Avigdor Lieberman’s apparently inexorable rise in Israeli politics continues.
The blowhard nationalist, former nightclub bouncer and secular sectarian who would rather a pure Jewish state than countenance equal rights for Jews and non-Jews, now holds the second most powerful ministry in the country.
Lieberman’s record suggests this could either end unremarkably or very, very badly indeed. Between shooting from the hip and bending to prevailing winds – also known as political pragmatism – there doesn’t seem to be a lot of substance.
Even by the questionable standards of Israeli politics, the defense portfolio is a huge gift to a man who was convicted of a 1999 assault on a 12-year-old boy and has been implicated in a major corruption investigation.
That is without taking into account countless incendiary comments about Palestinians, for whom he is trying to introduce their very own death penalty, Palestinian citizens of Israel, who he wants to expel, and foreign politicians.
More recently, he has hurled insults at Swedish foreign minister Margot Wallstrom.
Responding to Wallstrom’s call for an investigation into Israel’s extrajudicial executions of Palestinians earlier his year, Lieberman claimed the “only thing” she hadn’t done yet was to “physically join Palestinian terrorists and stab Jews.”
He has worked his way up the government ladder from infrastructure minister to transport – reportedly offering to provide buses so that Palestinians could be taken to the Dead Sea and drowned – to minister for strategic affairs and foreign policy.
And he served two stints as deputy prime minister.
Born in Moldova, Lieberman founded Yisrael Beiteinu, a Russian-immigrant dominated party, in 1999.
“Seeds of fascism”
As Yisrael Beiteinu leader, he has played kingmaker for successive Israeli governments during the past decade. That is the reason he was offered the defense portfolio.
Without the party’s six seats, Netanyahu’s uneasy ultra-nationalist and ultra-religious coalition would have had to rely on a single-seat majority in Israel’s parliament, the Knesset.
Not one to shunt aside political expediency for other considerations, Netanyahu therefore happily ignored the parting shot from Moshe Yaalon that “extremist and dangerous elements have overrun” Israel.
Yaalon had resigned as defense minister when Netanyahu moved to replace him.
Yaalon was, of course, a man jilted, a former army chief of staff being forced to make way for a civilian to take charge of a military that boasts of being the “most moral” in the world, in order to shore up a malfunctioning governing coalition.
But Yaalon was not simply unloading a broadside, and he was not alone.
Lieberman, who lives in the Nokdim settlement south of Bethlehem, is the very voluble symptom of Israeli extremism, a man who voices what was once deemed politically unacceptable.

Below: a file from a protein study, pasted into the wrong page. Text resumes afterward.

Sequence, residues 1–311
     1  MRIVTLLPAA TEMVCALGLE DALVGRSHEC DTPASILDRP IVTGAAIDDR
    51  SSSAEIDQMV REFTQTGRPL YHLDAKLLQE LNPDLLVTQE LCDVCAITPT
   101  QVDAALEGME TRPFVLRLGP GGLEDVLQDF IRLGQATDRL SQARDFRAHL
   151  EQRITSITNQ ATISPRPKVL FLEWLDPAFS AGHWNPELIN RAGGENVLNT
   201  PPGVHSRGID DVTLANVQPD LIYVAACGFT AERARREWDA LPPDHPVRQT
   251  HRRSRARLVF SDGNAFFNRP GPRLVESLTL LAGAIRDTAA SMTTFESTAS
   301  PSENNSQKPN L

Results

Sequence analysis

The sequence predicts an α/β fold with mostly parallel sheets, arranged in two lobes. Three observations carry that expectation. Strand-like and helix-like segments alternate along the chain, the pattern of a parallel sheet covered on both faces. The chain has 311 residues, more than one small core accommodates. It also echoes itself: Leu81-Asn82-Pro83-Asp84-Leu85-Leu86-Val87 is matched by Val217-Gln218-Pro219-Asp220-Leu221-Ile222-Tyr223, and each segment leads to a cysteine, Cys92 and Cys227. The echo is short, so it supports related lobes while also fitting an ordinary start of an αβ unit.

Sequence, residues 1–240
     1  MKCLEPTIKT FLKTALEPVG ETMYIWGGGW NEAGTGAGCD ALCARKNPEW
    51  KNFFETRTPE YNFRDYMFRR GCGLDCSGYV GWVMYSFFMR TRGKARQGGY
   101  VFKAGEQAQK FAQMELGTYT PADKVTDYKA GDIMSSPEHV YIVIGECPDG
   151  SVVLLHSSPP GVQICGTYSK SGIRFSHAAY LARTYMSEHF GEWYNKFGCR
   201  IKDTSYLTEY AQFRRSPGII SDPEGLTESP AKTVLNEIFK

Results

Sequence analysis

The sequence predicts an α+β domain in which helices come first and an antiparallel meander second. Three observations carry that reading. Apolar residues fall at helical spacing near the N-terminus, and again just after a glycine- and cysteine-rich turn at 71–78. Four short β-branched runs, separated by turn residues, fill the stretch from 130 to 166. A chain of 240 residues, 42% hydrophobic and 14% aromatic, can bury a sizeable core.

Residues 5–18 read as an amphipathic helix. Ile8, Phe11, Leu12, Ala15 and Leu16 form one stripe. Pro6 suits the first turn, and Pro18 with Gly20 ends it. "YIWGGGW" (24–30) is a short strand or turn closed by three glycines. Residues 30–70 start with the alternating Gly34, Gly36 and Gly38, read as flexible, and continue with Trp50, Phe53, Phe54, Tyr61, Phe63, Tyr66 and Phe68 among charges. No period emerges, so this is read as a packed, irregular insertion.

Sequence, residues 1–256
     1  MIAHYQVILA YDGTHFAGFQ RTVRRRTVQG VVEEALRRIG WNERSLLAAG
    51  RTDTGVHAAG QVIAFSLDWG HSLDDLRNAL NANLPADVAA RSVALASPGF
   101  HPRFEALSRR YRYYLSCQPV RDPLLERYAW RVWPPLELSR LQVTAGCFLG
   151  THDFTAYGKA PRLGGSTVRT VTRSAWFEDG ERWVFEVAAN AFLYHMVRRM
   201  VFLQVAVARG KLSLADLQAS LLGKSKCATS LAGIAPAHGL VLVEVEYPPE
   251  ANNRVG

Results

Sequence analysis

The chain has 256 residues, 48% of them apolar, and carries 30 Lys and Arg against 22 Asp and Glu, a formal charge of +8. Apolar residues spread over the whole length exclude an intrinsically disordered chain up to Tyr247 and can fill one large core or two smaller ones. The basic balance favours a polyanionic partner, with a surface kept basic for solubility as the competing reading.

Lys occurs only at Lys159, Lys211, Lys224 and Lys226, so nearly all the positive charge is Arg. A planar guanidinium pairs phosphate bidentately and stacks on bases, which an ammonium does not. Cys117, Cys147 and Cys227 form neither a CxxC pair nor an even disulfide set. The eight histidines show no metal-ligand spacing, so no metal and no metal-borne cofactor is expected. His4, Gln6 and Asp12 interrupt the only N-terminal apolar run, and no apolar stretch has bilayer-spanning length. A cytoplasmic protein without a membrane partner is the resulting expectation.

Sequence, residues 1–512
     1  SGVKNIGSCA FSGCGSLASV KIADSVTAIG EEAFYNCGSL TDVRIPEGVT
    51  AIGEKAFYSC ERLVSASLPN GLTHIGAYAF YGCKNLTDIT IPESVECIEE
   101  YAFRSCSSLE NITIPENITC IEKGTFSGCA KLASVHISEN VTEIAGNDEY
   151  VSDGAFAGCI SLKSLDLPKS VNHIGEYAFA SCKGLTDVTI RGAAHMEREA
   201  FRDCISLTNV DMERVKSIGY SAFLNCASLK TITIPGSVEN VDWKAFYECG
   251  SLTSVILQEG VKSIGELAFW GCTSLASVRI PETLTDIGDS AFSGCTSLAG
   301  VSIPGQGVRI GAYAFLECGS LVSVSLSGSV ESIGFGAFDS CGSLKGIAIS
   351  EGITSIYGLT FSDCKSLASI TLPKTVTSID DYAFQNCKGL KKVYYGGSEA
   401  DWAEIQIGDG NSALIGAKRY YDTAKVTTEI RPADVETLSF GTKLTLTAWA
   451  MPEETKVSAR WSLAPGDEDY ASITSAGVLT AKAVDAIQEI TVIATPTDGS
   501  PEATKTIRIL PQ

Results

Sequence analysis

His vision of a two-state solution involves transferring Palestinian citizens of Israel to a new Palestinian state by swapping Palestinian-majority areas inside Israel for settlement blocs in the occupied West Bank.
He has called for Palestinian members of the Knesset to be prosecuted for treason, advocated to “chop off” the heads of “anyone who’s against us.” And he repeatedly questions the loyalty of Palestinians living inside present-day Israel.
He is also at the head of a growing group of hardline settlers unsatisfied with the military for not being tough enough on Palestinians.
This in spite of decades of sham or nonexistent investigations into allegations of soldier misconduct that have only served to whitewash the occupation, according to the Israeli human rights organization B’Tselem, and the near-impunity enjoyed by settlers in the West Bank under a two-tier legal system.
The settlers nominally live under Israeli civilian law, while Palestinians are subjected to military courts.
He also denounced Netanyahu’s handling of the 2014 Gaza assault as not aggressive enough.
Indeed, he has denounced Netanyahu a number of times. In April, he reportedly called Netanyahu a “degenerate liar and swindler.”
One month earlier, he described the prime minister as “spineless.”
Such flip-flops, from outright condemnation to willing coalition partner, also suggest another side to Lieberman. In politics, it’s called pragmatism.
It means he is willing to say and do whatever it takes to ride the prevailing wind.
That side of him is the one that came out a few days ago when he stood next to Netanyahu as the Israeli prime minister said he would be willing to negotiate with Arab countries and the Palestinians on the basis of the 2002 Arab peace initiative, which is in effect a Saudi restatement of international law with inbuilt potential compromises.
This suggests Lieberman will be far less bold in action then he is in word. It may temper his time as defense minister as he perhaps eyes the bigger prize for himself, the premiership – a position he suggested in 2014 may soon belong to a Russian-speaker.
Moreover, he has previously advocated a “thorough cleansing” in Gaza.
He is now in a better position to make that happen.
Omar Karmi is a former Jerusalem and Washington, DC, correspondent for The National newspaper.